Learning New Skills

Over the course of the last four months I’ve been learning CAD (Computer Aided Design) alongside the architecture students at Nottingham College as part of an Artist residency. Being a very handy person it was quite a challenge to create on a computer rather than use my hands.

One of the challenges set by my tutor was to complete a task that was asked of me during a recent commission, to create a computer drawing of my proposed sculpture so that the planners could see what the sculpture would look like before it was created. The actual task at the time had to be outsourced and it made me wonder if this could be the first of many requests.

Challenge accepted!

The task felt very daunting at first but as the weeks went by I began to get more and more confident with my newly acquired skills. The results aren’t perfect but I feel I created a good digital version that does not look too dissimilar to the actual sculpture.

See what you think.

Here are the results; L-R The finished Sculpture, sketch created on Sketch Up, a pencil sketch.

Spirit of Mayflower: Ancient Techniques & Digital

Over the last year I have been working with NTU (Nottingham Trent University) within their Enabling Innovation program to embrace digital technologies within my practice. At first I was a little sceptical about the possibilities of this new burgeoning technology to try and capture the delicate details of something hand woven, but I think we are beginning to see some positive results.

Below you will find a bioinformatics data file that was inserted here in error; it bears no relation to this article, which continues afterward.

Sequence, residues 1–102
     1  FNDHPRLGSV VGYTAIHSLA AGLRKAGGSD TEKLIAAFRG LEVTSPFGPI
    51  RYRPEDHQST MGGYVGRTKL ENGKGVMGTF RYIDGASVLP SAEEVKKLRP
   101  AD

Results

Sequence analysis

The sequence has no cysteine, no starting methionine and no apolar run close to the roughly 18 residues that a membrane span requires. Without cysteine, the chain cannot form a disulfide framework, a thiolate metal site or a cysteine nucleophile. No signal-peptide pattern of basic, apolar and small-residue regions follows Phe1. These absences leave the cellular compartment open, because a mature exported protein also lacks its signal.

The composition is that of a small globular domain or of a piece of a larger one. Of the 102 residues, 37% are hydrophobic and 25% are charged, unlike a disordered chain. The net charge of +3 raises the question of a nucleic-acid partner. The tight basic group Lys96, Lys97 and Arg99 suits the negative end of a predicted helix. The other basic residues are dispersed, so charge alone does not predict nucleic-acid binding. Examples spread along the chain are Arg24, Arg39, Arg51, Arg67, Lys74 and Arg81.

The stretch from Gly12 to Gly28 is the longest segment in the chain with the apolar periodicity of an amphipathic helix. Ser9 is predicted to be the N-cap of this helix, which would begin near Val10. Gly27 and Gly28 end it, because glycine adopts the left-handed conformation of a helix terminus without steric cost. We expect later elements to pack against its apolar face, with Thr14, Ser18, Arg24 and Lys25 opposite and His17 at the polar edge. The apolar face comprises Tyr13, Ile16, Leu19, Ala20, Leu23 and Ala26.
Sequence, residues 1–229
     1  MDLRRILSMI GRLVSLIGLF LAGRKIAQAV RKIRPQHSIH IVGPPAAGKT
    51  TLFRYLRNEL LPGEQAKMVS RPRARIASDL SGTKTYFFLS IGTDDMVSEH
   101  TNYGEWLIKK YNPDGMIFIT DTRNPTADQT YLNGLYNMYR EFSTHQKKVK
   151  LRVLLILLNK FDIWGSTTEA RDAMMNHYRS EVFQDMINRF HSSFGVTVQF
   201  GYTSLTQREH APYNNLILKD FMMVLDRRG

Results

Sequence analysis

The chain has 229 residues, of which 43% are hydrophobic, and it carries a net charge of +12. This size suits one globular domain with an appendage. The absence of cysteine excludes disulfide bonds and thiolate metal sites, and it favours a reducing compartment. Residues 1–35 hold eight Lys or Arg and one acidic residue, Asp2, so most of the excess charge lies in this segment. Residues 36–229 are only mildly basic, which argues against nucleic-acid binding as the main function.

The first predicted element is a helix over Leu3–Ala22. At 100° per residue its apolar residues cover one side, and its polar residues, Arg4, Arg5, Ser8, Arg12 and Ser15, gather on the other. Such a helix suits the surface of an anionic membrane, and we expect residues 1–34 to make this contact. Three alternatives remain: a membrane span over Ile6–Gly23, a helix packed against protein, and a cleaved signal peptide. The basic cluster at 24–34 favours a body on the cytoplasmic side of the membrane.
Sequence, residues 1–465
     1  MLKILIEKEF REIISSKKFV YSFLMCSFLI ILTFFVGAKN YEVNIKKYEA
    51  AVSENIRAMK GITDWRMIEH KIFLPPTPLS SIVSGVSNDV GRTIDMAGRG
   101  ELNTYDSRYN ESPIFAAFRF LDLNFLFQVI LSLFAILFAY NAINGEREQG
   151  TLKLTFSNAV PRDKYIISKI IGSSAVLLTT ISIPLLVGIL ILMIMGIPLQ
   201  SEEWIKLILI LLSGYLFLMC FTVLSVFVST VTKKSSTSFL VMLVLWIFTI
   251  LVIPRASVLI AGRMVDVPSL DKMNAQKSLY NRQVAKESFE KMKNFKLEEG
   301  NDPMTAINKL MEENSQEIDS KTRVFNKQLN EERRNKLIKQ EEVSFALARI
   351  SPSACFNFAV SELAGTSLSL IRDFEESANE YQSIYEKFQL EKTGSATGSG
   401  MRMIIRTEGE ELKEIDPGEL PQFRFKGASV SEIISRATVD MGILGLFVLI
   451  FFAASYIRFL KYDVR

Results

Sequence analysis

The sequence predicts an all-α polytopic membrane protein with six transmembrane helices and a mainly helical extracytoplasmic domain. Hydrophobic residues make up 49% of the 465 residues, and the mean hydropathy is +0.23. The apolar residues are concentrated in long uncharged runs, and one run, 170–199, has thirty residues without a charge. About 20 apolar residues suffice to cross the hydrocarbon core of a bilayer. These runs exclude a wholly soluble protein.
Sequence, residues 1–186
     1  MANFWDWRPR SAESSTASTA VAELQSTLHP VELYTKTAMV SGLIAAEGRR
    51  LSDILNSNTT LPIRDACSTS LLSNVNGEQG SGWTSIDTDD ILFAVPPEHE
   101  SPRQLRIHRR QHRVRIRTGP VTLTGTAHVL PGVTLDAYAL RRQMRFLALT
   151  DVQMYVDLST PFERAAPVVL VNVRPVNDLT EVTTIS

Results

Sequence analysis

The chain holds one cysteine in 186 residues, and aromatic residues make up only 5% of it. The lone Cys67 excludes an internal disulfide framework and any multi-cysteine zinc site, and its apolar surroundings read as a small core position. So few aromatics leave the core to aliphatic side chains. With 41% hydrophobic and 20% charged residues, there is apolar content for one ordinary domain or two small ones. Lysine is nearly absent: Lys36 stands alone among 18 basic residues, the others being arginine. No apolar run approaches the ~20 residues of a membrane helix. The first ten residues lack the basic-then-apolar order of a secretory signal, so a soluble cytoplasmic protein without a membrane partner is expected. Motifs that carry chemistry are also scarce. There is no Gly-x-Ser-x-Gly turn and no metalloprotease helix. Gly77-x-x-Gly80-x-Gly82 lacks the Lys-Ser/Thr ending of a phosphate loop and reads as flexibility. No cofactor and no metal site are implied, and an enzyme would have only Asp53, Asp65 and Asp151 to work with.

The first items I gave them were some spiral forms made using the corn dollie 5 stranded spiral weave, which they digitally mapped and then printed with the new 3d clay printer. The results were very interesting and I shall share these with you in a later post.

After experimenting with clay, we moved on to a 3d printer with a synthetic polymer, and the test piece was a length of macrame knots woven in a 4mm thick cotton cord. The piece was worked over a wire core to enable the technicians to suspend the weaving and capture a 360° view of the work. The scan was sent to print and the results are very promising. The printed work has captured the threads of the cotton well and the movement of the weave is visible in every twist and turn.

What next? The scans of handwoven work could be further manipulated and produced at differing scales which could lend itself to large scale works. Now I need to see if a scan can capture something much more delicate than a chunky series of Crown Knots, and scan a panel of macrame.

Spiralled Celtic Braid.jpg

Scan of the Crown Knots

Sculpture due for Unveiling

All the elements of the sculpture have been coming together over the last few weeks. A 2 tonne block of Derbyshire sandstone has been selected from the quarry which has been given a clean cut across the top and bottom ready to form the plinth of the sculpture. The four outer sides have been left natural to give a contrast with the delicate bronze piece.

I’m really looking forward to seeing the sculpture installed and can’t wait to be able to share images with you, but for now heres the plinth awaiting a bronze sculpture.